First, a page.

A settlement or Court award cannot alter what has happened, but it should have a positive impact on your present circumstances and future recovery.
Injuries resulting from exposure to a hazardous substance can have significant consequences for the injured person and their dependants. Quittance's panel of specialist solicitors have years of experience securing compensation awards:
- for medical treatment and ongoing care costs
- for other expenses such as damage to personal possessions and travel costs
- for any pain and suffering and loss of amenity
- for lost earnings while you recover
- for future loss of earnings if you are unable to return to work
How Quittance has helped others
The panel of solicitors has helped clients injured in a broad range of circumstances. Court awards and settlements have been negotiated for injuries including:
- Air pollution
- Arsenic poisoning
- Carbon monoxide poisoning
- Contaminated soil
- E-Coli poisoning
- Industrial dermatitis
- Legionnaires' disease
- Lead poisoning
- Methyl Tertiary Butyl Ether (MTBE) exposure
- Perchlorate exposure
- Pesticide poisoning
- Polycyclic Aromatic Hydrocarbon (PAH) poisoning
- PVC exposure
- Radiation sickness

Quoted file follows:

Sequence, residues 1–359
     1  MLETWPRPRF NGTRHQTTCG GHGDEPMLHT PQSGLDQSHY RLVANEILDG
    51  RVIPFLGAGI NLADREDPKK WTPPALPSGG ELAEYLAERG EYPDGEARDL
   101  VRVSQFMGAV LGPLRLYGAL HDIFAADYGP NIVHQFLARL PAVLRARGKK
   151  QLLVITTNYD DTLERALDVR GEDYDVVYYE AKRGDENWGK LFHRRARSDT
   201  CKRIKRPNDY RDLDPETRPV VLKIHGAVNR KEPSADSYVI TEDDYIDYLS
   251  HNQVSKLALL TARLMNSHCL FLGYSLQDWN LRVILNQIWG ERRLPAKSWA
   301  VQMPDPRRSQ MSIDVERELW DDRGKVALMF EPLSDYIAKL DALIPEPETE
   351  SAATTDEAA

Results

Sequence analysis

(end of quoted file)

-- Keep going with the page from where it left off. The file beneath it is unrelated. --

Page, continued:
- Teflon exposure
- Trichloroethylene poisoning
How likely is your claim to succeed?
If the negligent party, e.g. your employer, has admitted liability, then the chances of your compensation claim being successful are very good.
However, if liability is contested or perhaps only accepted in part, achieving a settlement will be more difficult. Personal injury solicitors are used to working on contentious matters, so the fact that the defendant has not admitted liability should not deter you from making a claim.
A solicitor will help collate and assess all of the evidence at hand and advise you on constructing the strongest possible case.
How did your injury happen?
The claims process for a hazardous substances will depend on where and how the accident happened. Click the icons below for more information:
How we can help you with your injury claim
Your solicitor will fight for the best possible compensation settlement for you, and the highly-experienced panel of solicitors have an excellent track record of winning injury claims.
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If you have any questions, or would like to start a No Win No Fee injury claim, we are open:
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Call us for FREE advice on 0800 376 1001, or arrange a call back from a friendly, legally-trained advisor:
Handled with the utmost professionalism... extremely kind, courteous and empathetic.
Gaynor Haliday, Legal researcher
About the author
Gaynor Haliday is an experienced legal researcher and published author. She has had numerous articles published in the press and is a legal industry commentator.